The treasury yield curve explained: Factors shaping the curve Behind the Numbers, February 2016

Several factors shape the treasury yield curve—monetary policy, inflation expectations, investor preferences, and macroeconomic influences from around the world.

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The treasury yield curve describes how treasury interest rates differ across the maturity of treasury assets. The yield curve is determined to a large extent by monetary policy, investors’ expectations of future economic activity and inflation, and investor preferences. While shifts at the short end of the yield curve reflect immediate monetary policy, changes at the long end of the curve reflect the influence of various economic factors that are not limited to the United States alone.

How does a treasury’s maturity help determine its yield?

The shortest-term treasury bills1 are mainly determined by monetary policy. The Federal Open Market Committee (FOMC) sets a target for the federal funds rate (the overnight rate at which banks trade funds parked with the Federal Reserve). The federal funds rate is then the main point of reference for various short-term interest rates including the rate on short-term treasury bills.

Long-term rates differ from short-term rates because of three main reasons:

1. Inflation expectations: Investors’ expectations of future inflation are worked into the yield on long-term treasuries. The relationship between current short-term rates, future expected short-term rates (based on investors’ inflation expectations), and long-term rates is explained by the expectation theory of the term structure. The theory states that the shape of the treasury yield curve is determined by investors’ expectations of future short-term interest rates. Furthermore, the expectation hypothesis implies that holding a one-year bond and rolling the investment over into a new one-year bond each year for 10 years would result in the same wealth as investing in a 10-year bond. In other words, short-term bonds that add up to the same maturity as a single long-term bond are collectively a perfect substitute for the long-term bond. In mathematical form the return on a long-term bond can be expressed as:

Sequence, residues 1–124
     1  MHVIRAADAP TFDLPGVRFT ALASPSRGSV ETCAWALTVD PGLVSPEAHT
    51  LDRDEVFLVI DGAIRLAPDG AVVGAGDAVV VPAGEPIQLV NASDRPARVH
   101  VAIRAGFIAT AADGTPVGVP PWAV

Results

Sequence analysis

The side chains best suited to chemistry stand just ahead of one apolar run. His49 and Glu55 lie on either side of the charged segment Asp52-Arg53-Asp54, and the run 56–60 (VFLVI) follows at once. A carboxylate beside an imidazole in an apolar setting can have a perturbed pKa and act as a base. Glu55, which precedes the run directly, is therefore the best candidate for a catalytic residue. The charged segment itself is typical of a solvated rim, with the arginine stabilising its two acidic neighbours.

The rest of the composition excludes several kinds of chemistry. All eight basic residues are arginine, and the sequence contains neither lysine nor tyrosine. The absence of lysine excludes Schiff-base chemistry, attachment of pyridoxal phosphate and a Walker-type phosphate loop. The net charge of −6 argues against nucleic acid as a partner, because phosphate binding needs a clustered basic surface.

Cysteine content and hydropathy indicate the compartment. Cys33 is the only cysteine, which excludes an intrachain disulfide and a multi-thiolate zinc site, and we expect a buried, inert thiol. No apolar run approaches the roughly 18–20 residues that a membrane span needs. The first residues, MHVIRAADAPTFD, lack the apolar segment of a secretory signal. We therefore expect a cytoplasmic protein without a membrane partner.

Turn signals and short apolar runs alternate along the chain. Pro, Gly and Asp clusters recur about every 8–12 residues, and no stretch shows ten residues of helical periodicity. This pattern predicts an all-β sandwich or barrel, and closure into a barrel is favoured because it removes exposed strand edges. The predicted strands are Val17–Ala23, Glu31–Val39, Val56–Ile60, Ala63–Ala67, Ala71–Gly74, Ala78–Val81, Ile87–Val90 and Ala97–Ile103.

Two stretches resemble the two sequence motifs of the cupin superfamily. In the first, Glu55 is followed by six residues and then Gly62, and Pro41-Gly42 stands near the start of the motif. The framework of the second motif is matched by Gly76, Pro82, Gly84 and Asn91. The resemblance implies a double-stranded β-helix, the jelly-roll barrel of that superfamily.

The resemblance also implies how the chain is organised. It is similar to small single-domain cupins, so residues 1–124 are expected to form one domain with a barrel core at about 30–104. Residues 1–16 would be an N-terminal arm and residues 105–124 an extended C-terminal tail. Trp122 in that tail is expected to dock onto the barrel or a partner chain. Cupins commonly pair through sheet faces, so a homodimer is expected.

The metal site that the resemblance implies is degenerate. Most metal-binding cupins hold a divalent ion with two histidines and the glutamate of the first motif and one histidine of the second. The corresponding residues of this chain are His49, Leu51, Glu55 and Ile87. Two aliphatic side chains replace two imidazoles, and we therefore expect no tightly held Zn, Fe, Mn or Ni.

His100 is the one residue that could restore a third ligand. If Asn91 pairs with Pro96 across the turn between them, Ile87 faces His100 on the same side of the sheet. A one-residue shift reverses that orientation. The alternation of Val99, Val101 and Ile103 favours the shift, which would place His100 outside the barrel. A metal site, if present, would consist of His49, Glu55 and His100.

Inflation FormulaThis formula shows that the return on a long-term bond is the geometric mean of the expected return on several short-term bonds that add up to the same maturity.

2. Risk premiums (because lending money for a longer period of time is usually riskier than lending money for a shorter period of time): The expectation theory fails to explain the persistence of an upward sloping yield curve in the long run because in that period (consisting of several business cycles), short-term interest rates are just as likely to rise as they are to fall. The more-often-than-not upward slope of the yield curve is due to an additional component of yield on long-term bonds—a risk premium. The risk premium serves as a hedge against possible loss of capital over time and consists of:

  • Real risk premium
  • Inflation risk premium

3. Investor preferences: Investors in long-term treasuries usually develop a preference for treasuries of a certain period to maturity. In other words, investors have a preferred investment range (preferred period to maturity) and will be willing to invest beyond their preferred range only if they are offered a term premium that accounts for risk and serves as an incentive.

How has the treasury yield curve moved and what’s shaping the curve today?

Yields across all maturity periods are currently near historic lows—even after the Federal Reserve hiked the target range for the federal funds rate by 0.25 percent in December 2015. Figure 1 shows the treasury yield curve as of January 27, 2016.

Figure 1

After the Federal Reserve hiked the funds rate, the short end of the curve began to rise as the yield on short-term treasury bills reflected tighter monetary policy (figure 2). The long end of the yield curve did not rise since changes to the federal funds rate do not have a direct impact on long-term yields. As mentioned earlier, long-term yields are influenced by inflation expectations, risk premium, and investor preferences. In fact, the long end of the yield curve has fallen substantially in the past five years (see figure 3).

Figure 2

Figure 3

While immediate monetary policy is responsible for the liftoff at the short end of the curve, several other factors have resulted in the fall at the long end of the treasury yield curve, including:

  • Expectations of low inflation
  • The Greek crisis, and the slowdown in China and in emerging markets, which have resulted in the flight of capital to safe havens such as long-term US treasuries
  • The Fed’s quantitative easing program, which resulted in the removal of more than $1 trillion long-term treasuries from the market between 2010 and 2014

Future changes in the slope of the treasury yield curve are expected to be determined by the course of monetary policy, changes in inflation expectations, and further developments in the global economy.